A change of air with new European Standard for cleaner-burning diesel fuel 

Brussels, 11 May 2016 - CEN  has approved a new European Standard for paraffinic diesel fuel made from synthesis or hydro-treatment. The standard EN 15940, which will be published by all CEN members before the end of 2016, establishes requirements and test methods for marketed and delivered paraffinic diesel fuel containing a level of up to 7% fatty acid methyl ester (FAME) for use in diesel engines.
 
Producers of paraffinic fuel recognized the need for a new specification in the context of increasing market demand for cleaner fuels. The new European Standard EN 15940 demonstrates the effective cooperation between fuel producers, car manufacturers and other European stakeholders in reaching a consensus on a specification for a new generation of cleaner transport diesel fuel. Paraffinic diesel fuel can lead to improvements in local air quality without having to introduce changes in the existing fuel infrastructure. It can be used as a blend component in conventional diesel or as a 100% finished fuel, which is already the case in several European markets.

"The EN 15940 standard is a milestone and a success for public authorities, fuel and vehicle manufacturers, and above all for consumers across EU Member States", said Jörg Spanke, Chair of CEN’s 'Paraffinic Fuel' Taskforce.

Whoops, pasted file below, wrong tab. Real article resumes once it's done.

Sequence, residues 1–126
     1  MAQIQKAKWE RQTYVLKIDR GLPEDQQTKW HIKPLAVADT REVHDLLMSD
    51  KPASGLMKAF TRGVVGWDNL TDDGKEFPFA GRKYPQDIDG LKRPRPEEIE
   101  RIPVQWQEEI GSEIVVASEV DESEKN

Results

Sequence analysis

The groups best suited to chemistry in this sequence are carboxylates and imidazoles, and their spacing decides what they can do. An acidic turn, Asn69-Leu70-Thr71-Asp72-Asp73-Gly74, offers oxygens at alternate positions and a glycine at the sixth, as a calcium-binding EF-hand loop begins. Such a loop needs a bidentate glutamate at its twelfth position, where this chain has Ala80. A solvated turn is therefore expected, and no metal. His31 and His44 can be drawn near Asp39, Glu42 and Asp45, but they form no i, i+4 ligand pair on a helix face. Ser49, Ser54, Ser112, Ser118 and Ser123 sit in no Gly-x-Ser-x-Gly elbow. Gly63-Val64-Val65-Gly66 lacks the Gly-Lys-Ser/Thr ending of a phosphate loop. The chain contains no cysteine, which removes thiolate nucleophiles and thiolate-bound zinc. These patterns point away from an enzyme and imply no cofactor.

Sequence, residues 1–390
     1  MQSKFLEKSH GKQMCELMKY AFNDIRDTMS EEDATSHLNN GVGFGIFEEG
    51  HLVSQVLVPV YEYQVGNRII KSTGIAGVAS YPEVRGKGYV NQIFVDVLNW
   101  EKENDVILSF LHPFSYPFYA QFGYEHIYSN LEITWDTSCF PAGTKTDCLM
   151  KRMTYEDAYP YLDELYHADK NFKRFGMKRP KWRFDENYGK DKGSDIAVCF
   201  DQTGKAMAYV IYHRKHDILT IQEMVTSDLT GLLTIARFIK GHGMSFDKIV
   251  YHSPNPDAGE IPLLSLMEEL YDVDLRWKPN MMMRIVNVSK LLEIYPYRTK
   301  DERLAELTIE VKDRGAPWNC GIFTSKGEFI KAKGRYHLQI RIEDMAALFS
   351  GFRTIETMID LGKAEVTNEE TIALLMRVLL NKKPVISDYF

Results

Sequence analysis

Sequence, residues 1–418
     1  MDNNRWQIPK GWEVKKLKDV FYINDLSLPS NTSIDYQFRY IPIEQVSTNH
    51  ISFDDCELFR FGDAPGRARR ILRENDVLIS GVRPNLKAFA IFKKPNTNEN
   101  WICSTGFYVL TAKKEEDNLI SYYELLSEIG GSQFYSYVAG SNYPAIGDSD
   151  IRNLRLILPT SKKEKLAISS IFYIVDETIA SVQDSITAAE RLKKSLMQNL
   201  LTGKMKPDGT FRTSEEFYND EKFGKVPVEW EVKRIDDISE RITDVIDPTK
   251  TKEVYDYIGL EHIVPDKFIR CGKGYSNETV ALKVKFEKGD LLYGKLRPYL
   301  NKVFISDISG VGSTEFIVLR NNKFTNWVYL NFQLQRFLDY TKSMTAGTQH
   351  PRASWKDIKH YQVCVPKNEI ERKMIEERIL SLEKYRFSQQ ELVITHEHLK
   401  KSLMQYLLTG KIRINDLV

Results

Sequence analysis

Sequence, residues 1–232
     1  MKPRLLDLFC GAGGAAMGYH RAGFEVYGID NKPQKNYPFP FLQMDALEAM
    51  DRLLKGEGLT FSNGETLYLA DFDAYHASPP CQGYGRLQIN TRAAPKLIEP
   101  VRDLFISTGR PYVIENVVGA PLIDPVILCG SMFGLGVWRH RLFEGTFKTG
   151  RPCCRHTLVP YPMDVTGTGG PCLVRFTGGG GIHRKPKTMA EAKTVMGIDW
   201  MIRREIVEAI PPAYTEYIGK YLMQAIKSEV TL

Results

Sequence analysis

The new European Standard on 'Automotive fuels - Paraffinic diesel fuel from synthesis or hydrotreatment - Requirements and test methods' (EN 15940:2016) was developed  by CEN’s Technical Committee on 'Gaseous and liquid fuels, lubricants and related products of petroleum, synthetic and biological origin' (CEN/TC 19), of which the secretariat is provided by the Dutch Standardization Institute (NEN).

Synthetically created liquid fuels

Paraffinic diesel fuels are liquid fuels that can be synthetically created from feedstocks such as natural gas (GTL), biomass (BTL) or coal (CTL); or through hydro-treatment of vegetable oils or animal fats (HVO). These high-quality fuels burn cleaner than conventional crude-oil based diesel fuels and are thus able to reduce local harmful emissions such as nitrogen oxides and particulate matter (i.e. less visible black smoke).

 

Notes

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